Living corals and thousands of tropical fish inhabit this huge re-creation of a tropical Pacific coral reef, complete with crashing waves. This was from the Tropical Diver exhibit.


In the Ocean Voyager exhibit we rode a "people mover" through an acrylic tunnel and felt like SCUBA divers under the sea. The gentle giants of the sea, like this huge whale shark, swam around and over us. The whale shark is the world's largest fish, and the Georgia Aquarium is the only aquarium outside of Asia to house them. The facility has four - two males (Yushan and Taroko) and two females (Alice and Trixie). This whale shark exhibit alone holds 6.3 million gallons of water.


We happened to be there for the final holiday performance of the famous mermaids from Weeki Wachee Springs, Florida.


All the exhibits and fish and mammals were amazing, but this tiny Australian Weedy Sea Dragon from the Coldwater Quest exhibit was my "favorite thing". Sea Dragons are not Sea Horses, although they're in the same family. This one's a little blurry, but I found him fascinating!

Any visit to Atlanta should include a few hours to explore the Georgia Aquarium.  I’ve  just hit a few of the high spots of this wonderful facility, and a sixth arena – a dolphin exhibit – opens in a few months.    Here’s a little tidbit about how the Georgia Aquarium came to be – the Georgia Aquarium was funded by a gift of over $200 million by Bernie and Billi Marcus.  Bernie was born into poverty, somehow found the means to attend college, became a pharmacist, then branched off into other endeavers.  The most profitable was founding – with another gentleman –  the Home Depot Corporation.  The land for the aquarium was donated by the Coca-Cola Botting Company.  The Georgia Aquarium opened debt-free.

Snow outside Jason and Blair's on the morning we left to come home.

What a wonderful holiday we had – in Arkansas, in Atlanta, and then home for New Year’s Eve and a party with friends.  It was our first New Year’s Eve at home in several years, and it was such fun to enjoy the weather here that night.  It was warm enough for our friends to have their party outside by the pool – although by 10 p.m. temperatures had begun to dip, and most of us had moved inside the pool house.  By the next day it was cold again, and that has hung on all this week.

Bear and I received our official registration notification this week, and I went into Albany Wednesday to take care of the orientation I needed to work with him at the hospital.  We are ready to go and hope to work for the first time on January 19 at a nursing home, then the next week at a hospital one day and two assisted living homes later that week.  Please send up a little doggie prayer that Bear gets over his “fear of Fords”.  We are still struggling with that.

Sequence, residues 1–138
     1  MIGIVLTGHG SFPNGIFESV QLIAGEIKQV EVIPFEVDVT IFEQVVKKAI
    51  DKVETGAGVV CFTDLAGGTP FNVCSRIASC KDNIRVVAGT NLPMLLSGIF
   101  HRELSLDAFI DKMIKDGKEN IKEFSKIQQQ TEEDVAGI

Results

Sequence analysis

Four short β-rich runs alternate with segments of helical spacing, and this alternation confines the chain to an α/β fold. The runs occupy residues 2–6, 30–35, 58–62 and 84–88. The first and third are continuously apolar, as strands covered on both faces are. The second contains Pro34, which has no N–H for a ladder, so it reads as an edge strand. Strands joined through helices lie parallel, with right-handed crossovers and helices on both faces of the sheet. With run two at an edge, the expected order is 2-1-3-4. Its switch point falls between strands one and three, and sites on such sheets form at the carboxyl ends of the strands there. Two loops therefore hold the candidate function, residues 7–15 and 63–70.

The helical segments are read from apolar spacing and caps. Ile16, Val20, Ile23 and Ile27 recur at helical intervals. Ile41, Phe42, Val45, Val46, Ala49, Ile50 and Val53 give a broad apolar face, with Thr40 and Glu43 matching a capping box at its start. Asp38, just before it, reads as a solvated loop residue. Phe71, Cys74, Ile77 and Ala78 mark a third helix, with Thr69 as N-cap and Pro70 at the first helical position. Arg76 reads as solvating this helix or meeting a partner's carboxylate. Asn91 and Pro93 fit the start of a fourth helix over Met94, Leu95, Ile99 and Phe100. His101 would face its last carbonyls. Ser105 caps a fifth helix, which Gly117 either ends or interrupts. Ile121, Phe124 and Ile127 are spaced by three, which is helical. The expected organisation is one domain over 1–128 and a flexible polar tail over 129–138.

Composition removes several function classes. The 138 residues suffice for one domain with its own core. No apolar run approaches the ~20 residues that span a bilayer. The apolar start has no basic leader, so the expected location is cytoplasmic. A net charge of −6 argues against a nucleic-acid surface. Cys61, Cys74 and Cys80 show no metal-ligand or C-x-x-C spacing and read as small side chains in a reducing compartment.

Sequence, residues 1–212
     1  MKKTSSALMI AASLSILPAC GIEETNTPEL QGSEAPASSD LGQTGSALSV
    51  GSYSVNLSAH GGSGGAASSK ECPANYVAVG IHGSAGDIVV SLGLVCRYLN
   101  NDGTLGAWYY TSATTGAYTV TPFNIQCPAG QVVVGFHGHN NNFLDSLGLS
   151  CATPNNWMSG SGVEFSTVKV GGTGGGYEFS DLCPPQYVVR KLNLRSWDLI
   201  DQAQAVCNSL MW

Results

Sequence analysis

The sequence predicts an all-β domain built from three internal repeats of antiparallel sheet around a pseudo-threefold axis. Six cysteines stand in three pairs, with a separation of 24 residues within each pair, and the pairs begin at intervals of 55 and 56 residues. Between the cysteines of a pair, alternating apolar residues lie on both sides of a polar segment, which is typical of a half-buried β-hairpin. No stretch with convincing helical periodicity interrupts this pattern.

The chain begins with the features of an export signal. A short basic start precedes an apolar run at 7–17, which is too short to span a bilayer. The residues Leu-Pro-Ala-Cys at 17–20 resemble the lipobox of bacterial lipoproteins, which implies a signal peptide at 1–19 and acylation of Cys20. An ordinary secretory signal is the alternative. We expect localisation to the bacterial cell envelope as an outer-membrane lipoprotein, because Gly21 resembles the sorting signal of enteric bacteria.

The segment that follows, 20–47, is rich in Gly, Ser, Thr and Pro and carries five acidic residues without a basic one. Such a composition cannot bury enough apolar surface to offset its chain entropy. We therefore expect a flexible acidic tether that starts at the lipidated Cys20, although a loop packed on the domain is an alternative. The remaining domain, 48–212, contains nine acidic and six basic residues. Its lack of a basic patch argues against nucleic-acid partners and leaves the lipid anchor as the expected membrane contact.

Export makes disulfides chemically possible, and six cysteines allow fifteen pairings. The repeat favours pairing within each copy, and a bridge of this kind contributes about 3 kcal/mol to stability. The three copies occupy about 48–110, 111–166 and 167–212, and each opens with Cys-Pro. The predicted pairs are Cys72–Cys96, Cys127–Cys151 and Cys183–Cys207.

See you Monday morning – have a great weekend, and God bless.



  1. What wonderful pictures! That’s really a treat. I actually was introduced to one of the albino alligators last week by a friend who spent Christmas with her daughter there and brought back photos of the aquarium. A most impressive creature! But I like your presentation better!

  2. WOW! That aquarium is AWESOME! So much water, can you imagine if the glass ever broke while…oh never mind…my mind started wandering. 😉 Seriously, your pictures are great! I love the area where you can crawl up, like in the middle of the penquins…that is really cool. The sea turtle was pretty neat too. If I ever make it to Atlanta I’d love to see that! Great pictures Brenda!

  3. Awesome pictures-looks like quite a place. I’ve got a pretty serious fish phobia so those piranha things would have sent me to the moon! We did the aquarium in Tampa once-they had baby sharks to pet. For some reason they don’t bother me like regular fish do. Their skin feels very strange-almost like sandpaper.

    Glad your drive was ok-my cousin drove from Alabama to South Carolina and ran into some really nasty conditions that same day.

    Good luck with your new adventures with Bear-he’ll come around with the car thing once he realizes he’s going somewhere great!

  4. The Atlanta Aquarium is definitely my most favorite stay-cation, even more than GA Veterans Memorial Park. Thanks for the mini-tour!

  5. What beautiful pictures. Thank you so much. Sounds like you had a wonderful holidays with family. Glad you enjoyed the snow. We had a white Christmas here in Northwest Ohio for the first time in several years. Congratulations to you and Bear. You both will be wonderful!

  6. What an amazing bunch of fish. So many odd shapes and sizes. Didn’t God have fun designing them?
    When you’re driving have you ever thought of playing a CD of a story or a bible story?
    Every time I listen to “Adventures In Odyssey” it keeps me laughing and thinking so much I’m never sleepy.

  7. Beatutiful aquarium pictures Bree! I love aquariums! They are so interesting. So glad you had a beatutiful Christmas wiht you family. And prayers are sent for Bear! Have a beautiful day!

  8. The Atlanta aquarium is beautiful, we were there in July. Your photos are stunning! Can’t wait to hear about Bear and the hospital work.